Enterprise is always better than ease. Every time we choose to do less than we possibly can, it affects our self-confidence, our self-worth. If we keep doing a little less every day, a little less, a little less . . . every day that we keep doing a little less, we are also being a little less. Can you imagine what you'd end up being after 10 years of doing a little less every day? It's devastating! Think about it . . . doing less could ruin your life!
Now, you can reverse the process of doing a little less, doing a little less. You can reverse this process by using your self-direction, your self-reliance, your self-discipline. You alter your course by doing a little more each day. A little more, a little more, a little more. And pretty soon, you'll develop a new habit of doing rather than neglecting. And days and weeks and months of doing a little more will ultimately do what? It'll increase your confidence and your courage and your creativity and your self-worth.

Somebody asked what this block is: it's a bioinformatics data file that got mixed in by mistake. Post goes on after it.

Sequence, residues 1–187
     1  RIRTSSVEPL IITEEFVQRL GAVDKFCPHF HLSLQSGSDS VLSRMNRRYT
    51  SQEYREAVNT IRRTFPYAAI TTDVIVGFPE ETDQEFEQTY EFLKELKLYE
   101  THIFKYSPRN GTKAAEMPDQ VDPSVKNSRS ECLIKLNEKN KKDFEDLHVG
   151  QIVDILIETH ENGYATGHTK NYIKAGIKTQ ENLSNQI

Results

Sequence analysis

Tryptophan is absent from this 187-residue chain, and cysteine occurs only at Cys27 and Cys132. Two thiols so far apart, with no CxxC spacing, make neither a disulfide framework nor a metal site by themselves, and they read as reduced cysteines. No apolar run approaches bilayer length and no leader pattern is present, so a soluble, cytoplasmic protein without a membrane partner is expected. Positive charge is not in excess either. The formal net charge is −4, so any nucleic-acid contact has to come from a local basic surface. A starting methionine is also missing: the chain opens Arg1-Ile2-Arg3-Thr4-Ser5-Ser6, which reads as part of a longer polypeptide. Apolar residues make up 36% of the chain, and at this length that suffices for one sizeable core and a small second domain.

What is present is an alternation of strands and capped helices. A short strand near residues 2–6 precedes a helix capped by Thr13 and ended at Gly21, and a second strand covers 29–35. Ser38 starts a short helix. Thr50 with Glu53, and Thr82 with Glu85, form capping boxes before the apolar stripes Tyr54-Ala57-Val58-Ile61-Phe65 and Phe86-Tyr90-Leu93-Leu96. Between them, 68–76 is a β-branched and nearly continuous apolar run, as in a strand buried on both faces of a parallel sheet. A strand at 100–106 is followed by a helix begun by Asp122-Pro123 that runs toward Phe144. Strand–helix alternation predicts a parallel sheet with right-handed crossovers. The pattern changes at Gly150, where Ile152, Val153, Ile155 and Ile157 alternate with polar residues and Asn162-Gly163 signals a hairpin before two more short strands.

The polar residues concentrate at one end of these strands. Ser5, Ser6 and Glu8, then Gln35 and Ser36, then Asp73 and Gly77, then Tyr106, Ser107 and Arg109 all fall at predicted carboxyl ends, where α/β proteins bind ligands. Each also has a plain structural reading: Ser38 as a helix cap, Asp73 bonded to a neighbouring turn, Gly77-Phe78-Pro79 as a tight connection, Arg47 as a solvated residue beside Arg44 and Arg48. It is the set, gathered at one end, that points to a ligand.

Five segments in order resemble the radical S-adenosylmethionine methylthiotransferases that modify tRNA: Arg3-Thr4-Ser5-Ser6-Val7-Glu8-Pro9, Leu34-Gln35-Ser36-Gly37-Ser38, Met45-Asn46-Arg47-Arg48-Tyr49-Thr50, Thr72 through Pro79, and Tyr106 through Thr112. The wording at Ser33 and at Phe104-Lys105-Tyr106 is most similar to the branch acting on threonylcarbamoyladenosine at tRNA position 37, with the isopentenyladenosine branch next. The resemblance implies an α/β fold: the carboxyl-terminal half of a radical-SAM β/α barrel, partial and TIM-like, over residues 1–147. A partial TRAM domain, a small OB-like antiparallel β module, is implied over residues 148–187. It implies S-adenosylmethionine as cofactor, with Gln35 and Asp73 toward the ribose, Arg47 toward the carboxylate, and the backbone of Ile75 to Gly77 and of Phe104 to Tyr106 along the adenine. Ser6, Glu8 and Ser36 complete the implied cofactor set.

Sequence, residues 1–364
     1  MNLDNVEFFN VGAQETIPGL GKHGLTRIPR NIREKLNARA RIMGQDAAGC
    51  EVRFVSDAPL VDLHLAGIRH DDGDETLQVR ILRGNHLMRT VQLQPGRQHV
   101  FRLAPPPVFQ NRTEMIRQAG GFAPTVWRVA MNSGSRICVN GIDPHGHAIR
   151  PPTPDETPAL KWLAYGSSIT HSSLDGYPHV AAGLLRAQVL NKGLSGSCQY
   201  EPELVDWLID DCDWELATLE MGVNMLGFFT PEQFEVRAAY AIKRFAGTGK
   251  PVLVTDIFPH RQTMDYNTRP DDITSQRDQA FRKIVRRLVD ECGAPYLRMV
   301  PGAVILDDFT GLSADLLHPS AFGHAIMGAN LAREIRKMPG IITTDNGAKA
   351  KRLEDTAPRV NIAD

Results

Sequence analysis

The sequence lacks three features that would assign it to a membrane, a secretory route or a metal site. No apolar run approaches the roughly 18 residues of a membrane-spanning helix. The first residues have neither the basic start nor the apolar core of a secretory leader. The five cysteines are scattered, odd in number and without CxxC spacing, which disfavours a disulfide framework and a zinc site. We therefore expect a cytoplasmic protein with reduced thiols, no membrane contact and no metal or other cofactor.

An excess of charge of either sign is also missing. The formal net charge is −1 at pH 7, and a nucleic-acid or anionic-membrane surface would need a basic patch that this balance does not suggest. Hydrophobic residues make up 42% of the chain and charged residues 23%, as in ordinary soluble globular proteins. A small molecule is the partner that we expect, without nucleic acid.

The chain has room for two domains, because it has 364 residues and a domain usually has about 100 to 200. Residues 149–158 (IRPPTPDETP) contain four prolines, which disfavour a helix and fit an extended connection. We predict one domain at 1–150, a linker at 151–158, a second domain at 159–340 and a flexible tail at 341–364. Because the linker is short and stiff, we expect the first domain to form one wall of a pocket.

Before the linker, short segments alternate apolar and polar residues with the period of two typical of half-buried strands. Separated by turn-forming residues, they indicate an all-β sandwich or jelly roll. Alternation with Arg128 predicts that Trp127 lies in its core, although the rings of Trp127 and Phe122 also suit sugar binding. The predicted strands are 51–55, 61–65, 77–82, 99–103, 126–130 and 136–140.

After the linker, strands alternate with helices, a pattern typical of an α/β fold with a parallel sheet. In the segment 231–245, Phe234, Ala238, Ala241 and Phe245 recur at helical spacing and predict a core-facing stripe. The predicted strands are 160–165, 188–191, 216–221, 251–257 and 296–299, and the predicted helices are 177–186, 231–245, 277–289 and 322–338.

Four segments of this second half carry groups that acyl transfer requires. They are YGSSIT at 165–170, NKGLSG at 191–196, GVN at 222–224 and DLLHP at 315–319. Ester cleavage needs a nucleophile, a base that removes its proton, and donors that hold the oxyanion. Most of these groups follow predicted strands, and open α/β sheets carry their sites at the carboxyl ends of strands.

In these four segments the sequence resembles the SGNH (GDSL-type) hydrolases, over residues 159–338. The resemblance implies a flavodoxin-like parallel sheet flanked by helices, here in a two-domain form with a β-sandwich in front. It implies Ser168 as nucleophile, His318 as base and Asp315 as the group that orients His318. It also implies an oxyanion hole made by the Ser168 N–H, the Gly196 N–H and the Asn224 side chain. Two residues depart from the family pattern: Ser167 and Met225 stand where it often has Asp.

In the end, it's how we feel about ourselves that provides us with the increased courage and creativity for self-enterprise. It's how we feel about ourselves that provides the greatest reward from activity and enterprise. It's not what we get or what we accumulate that makes us valuable. It's what we become that makes us valuable. Our life becomes exceptional.
Success isn't in the having. Success is in the doing. It's the process of doing that brings value. It's the activity that transforms our dreams into reality, that converts ideas into actuality. Self-enterprise is found in the activity. For without activity, we'll miss the opportunity.